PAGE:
There are currently six parties in Serbia that classify themselves as center-left: the DS and SDS, the newly formed Party of Freedom and Solidarity SSP, the regional League of Social Democrats of Vojvodina LSV, the Social Democratic Party of Serbia SDPS, and the Socialists SPS, previously Slobodan Milosevic’s party. However, the distinction between left and right common to the Western party system is only partly applicable to these parties, and therefore these six parties vary greatly in clientele, type, and orientation. This is perhaps most clearly illustrated as The SDPS and the SPS are part of the ruling coalition, while the other four parties are part of the opposition.

With the centre-left vote split between multiple parties and groups, the opposition in Serbia has been heavily divided. The 2018 Belgrade Assembly Elections were seen by many as a test for the opposition, to answer the question if it could still function against the might of the SNS. Leading up to the elections the centre-left couldn’t unite. The Đilas platform in the city was supported by the Movement of Free Citizens of former presidential candidate Saša Janković. Another former DS member, Aleksandar Šapić, ran his own campaign. The division resulted in a sweeping victory for the SNS in the local elections, receiving 45% of the vote. The DS didn’t even make it to the threshold of 5%, probably because Dilas and Sapic won 19% and 9% respectively. On a local and national level the Social Democratic opposition, what used to be the DS, is now divided among multiple former DS members and their spin-off parties.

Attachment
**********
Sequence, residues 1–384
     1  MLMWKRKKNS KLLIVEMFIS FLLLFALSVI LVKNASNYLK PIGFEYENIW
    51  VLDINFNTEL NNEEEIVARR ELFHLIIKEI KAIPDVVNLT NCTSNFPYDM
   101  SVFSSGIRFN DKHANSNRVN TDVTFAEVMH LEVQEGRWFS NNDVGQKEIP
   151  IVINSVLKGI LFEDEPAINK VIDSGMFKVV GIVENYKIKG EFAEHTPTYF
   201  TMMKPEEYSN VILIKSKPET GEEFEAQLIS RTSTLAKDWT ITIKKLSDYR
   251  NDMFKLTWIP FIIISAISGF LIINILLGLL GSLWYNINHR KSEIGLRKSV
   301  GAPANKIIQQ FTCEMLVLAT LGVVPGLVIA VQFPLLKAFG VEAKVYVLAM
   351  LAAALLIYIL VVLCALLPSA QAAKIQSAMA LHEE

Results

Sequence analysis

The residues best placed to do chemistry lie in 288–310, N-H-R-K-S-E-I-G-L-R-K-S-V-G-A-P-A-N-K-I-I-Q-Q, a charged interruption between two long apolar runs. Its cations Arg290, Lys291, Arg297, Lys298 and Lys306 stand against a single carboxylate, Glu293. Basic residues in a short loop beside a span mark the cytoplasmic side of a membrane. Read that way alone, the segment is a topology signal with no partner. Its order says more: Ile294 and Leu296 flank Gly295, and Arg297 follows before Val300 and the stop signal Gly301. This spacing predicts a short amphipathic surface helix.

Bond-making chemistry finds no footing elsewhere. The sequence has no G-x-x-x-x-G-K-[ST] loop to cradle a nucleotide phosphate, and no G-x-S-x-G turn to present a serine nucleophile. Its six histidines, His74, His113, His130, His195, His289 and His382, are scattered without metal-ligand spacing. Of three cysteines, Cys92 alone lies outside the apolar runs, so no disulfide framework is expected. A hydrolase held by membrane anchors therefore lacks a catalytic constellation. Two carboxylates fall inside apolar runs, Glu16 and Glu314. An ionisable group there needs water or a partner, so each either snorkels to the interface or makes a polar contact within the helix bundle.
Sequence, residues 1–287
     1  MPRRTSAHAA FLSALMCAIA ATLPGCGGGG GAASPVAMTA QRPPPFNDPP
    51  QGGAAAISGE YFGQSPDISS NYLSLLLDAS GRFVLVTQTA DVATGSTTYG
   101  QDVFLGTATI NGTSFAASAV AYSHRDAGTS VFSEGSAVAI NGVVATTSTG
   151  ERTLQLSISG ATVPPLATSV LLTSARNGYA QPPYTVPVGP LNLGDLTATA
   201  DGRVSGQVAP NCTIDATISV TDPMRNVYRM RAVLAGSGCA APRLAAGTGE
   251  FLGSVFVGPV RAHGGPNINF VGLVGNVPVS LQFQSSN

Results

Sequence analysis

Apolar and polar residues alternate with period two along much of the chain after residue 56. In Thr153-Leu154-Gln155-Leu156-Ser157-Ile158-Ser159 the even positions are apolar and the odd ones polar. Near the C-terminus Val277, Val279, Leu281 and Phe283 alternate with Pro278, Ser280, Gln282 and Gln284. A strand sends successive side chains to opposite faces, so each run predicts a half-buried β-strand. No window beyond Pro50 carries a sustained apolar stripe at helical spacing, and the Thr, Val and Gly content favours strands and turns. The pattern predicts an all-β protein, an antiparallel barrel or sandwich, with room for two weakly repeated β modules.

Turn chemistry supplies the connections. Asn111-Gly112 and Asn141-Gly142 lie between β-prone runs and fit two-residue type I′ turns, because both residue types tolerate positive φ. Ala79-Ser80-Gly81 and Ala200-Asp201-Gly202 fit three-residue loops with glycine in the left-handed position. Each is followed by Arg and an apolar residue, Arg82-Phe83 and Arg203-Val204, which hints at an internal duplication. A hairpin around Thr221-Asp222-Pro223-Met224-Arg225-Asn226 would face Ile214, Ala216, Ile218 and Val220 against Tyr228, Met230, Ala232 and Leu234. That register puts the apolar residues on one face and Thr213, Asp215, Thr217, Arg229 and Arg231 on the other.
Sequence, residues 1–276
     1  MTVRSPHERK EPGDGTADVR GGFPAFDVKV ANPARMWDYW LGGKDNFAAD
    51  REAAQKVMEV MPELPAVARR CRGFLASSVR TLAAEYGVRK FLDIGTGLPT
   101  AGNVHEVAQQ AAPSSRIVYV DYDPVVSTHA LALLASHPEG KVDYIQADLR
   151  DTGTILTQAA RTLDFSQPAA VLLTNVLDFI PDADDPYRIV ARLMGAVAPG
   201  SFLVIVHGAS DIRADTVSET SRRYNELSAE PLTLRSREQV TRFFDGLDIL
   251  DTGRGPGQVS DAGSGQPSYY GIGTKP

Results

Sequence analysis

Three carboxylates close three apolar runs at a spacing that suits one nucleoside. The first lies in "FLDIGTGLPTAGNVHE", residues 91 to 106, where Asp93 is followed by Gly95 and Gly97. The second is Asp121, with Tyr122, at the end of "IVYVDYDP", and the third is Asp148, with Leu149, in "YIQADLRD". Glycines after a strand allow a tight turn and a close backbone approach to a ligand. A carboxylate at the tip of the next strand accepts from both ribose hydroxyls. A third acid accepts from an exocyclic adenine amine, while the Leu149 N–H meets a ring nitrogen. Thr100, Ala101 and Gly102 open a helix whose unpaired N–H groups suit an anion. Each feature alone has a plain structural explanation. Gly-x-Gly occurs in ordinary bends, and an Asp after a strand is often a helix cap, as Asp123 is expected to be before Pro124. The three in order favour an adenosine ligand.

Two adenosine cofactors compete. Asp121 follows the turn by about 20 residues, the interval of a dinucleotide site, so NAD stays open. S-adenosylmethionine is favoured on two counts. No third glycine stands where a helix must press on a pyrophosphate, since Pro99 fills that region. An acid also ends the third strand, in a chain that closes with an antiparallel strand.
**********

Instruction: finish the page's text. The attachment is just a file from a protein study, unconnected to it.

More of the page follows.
In the lead-up to the April 2022 general elections, social democratic parties remained fragmented in Serbia. The Democratic Party (DS), led by Zoran Lutovac, is joined by the Party of Freedom and Justice (SSP) of Dragan Đilas in the large United Serbia (US) banner – with which they tried to challenge Vučić’ SNS. US also contains various other (minority) parties, the People’s Party (NS) and the Movement of Free Citizens (PSG) being the largest. However, In total, six Serbian parties classify themselves as center-left, relevant to the FES: the Democratic Party DS, the Social Democratic Party SDS, which split from the DS, the newly formed Party of Freedom and Solidarity SSP, the regional League of Social Democrats of Vojvodina LSV, the Social Democratic Party of Serbia SDPS, and the Socialists SPS, formerly the party of Slobodan Milosevic. The last two belong to the ruling coalition. These parties differ greatly in type, orientation, size and clientele. The opposition parties from the social-democratic spectrum have no short-term prospects for power because of their fragmentation and lack of profile.